The United States also claims that the Panel failed to satisfy its obligations under Article 11 of the DSU in its evaluation of the evidence relating to the chapeau of Article XIV. According to the United States, the Panel erred in assessing the United States' enforcement of certain federal laws because the Panel did not take into account "uncontroverted" evidence of the overall enforcement of United States law.[62] The Panel is said to have also erred by failing to recognize that the Interstate Horseracing Act ("IHA") could not repeal pre-existing criminal statutes, including those challenged by Antigua and found by the Panel to be inconsistent with Article XVI of the GATS.

Should the Appellate Body reverse the Panel's findings under the chapeau, the United States requests that the Appellate Body complete the analysis and find that the Wire Act, the Travel Act, and the Illegal Gambling Business Act meet the requirements of the chapeau of Article XIV and are thus justified under Article XIV of the GATS.

5 "Practice" as a "Measure"

The United States challenges the Panel's finding, in the course of its analysis of the measures at issue, that "practice" can be considered an autonomous measure that can be challenged "in and of itself".[63] The United States contends that, in arriving at this finding, the Panel erred in two respects. First, it went beyond its terms of reference, as Antigua had not challenged any of the items that the Panel indicated could be considered "practice". Secondly, the Panel based its conclusion that "practice" can be challenged "as such" on a mischaracterization of prior WTO decisions with respect to what constitutes a "measure" under WTO law.[64] The United States therefore requests that the Appellate Body reverse this finding of the Panel.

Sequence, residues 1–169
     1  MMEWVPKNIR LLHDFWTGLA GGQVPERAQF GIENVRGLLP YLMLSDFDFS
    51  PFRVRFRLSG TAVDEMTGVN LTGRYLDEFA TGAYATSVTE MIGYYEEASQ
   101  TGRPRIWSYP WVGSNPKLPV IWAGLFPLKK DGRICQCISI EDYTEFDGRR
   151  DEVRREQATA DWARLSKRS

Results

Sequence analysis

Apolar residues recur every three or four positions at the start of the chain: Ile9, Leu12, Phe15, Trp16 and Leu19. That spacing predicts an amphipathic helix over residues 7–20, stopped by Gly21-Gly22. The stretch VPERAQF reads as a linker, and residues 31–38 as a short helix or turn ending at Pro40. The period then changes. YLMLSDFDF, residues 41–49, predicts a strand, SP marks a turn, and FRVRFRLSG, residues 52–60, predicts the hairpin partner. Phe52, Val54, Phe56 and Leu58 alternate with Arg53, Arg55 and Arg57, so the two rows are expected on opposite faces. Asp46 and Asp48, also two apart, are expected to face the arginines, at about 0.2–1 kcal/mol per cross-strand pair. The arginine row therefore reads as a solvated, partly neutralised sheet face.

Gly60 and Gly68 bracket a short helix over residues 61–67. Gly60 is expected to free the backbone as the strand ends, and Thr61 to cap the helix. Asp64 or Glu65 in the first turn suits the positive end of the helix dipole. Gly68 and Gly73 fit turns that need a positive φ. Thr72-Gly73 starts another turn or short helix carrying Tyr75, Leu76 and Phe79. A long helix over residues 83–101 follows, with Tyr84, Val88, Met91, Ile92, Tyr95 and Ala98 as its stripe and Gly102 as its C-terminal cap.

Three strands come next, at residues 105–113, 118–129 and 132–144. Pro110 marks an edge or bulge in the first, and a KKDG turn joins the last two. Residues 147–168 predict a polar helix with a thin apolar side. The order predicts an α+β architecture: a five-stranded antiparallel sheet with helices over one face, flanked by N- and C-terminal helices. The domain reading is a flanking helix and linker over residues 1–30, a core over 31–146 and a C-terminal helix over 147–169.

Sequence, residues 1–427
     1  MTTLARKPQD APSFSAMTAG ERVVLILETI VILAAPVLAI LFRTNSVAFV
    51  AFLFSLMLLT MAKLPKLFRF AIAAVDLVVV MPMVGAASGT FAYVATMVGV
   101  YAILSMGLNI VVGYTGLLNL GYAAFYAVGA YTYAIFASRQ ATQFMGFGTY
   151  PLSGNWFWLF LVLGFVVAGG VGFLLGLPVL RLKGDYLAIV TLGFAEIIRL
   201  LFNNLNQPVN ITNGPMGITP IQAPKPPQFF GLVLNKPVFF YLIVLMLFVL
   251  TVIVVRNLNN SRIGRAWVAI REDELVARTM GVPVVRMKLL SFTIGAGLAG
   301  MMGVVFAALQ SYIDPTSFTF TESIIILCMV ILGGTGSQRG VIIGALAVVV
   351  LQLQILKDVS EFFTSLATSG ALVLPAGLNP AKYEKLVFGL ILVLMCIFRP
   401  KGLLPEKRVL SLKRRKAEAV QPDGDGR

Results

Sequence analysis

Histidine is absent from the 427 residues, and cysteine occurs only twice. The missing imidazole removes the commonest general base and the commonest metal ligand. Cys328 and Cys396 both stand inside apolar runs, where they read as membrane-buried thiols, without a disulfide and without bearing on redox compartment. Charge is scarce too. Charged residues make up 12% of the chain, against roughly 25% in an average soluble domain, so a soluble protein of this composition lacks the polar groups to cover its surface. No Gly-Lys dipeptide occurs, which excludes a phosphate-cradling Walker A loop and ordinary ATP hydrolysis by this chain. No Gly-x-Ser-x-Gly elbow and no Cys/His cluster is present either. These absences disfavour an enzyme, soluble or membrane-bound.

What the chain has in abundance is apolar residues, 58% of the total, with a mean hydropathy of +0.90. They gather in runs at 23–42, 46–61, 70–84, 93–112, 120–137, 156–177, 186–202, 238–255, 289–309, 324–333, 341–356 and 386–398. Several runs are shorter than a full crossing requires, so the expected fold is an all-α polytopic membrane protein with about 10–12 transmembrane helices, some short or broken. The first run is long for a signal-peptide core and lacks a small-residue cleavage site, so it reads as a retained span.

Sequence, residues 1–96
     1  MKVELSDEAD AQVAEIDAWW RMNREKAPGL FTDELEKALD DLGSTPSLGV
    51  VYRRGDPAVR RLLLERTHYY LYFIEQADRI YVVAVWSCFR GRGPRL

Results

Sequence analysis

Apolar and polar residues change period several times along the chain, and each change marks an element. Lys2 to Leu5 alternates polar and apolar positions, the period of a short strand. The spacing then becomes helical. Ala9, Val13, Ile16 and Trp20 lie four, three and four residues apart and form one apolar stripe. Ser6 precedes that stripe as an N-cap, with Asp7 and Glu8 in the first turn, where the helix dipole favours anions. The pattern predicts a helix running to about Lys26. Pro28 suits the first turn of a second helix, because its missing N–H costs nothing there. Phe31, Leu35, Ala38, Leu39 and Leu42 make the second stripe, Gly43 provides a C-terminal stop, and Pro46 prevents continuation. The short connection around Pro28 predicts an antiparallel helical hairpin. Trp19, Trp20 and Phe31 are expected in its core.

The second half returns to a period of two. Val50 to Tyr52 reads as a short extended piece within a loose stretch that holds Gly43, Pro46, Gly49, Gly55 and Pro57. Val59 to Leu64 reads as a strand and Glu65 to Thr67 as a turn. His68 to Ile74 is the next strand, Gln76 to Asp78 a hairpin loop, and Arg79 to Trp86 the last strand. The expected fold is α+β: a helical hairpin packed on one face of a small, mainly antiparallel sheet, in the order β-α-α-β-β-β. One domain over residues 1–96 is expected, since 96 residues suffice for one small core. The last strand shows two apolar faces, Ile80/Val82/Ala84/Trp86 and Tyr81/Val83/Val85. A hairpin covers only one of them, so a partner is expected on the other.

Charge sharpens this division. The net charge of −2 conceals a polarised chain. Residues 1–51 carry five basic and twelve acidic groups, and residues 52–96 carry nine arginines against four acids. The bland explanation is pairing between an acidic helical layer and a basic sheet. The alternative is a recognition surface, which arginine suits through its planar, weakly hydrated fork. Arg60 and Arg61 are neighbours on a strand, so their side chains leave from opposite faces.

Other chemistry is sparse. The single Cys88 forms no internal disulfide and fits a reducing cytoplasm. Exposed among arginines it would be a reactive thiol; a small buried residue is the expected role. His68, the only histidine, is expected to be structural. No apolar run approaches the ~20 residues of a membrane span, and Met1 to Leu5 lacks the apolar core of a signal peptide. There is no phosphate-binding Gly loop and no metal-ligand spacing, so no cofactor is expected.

2 Arguments of Antigua – Appellee

1 Antigua's  Prima Facie  Case

Antigua requests the Appellate Body to uphold the Panel's findings that Antigua made a prima facie case of GATS-inconsistency with respect to the relevant federal and state statutes. Antigua argues that, although the Panel should have considered this case on the basis of the "total prohibition" that the United States maintains against the cross-border supply of gambling and betting services, Antigua had in any event made out its case under Article XVI with respect to discrete federal and state legislation.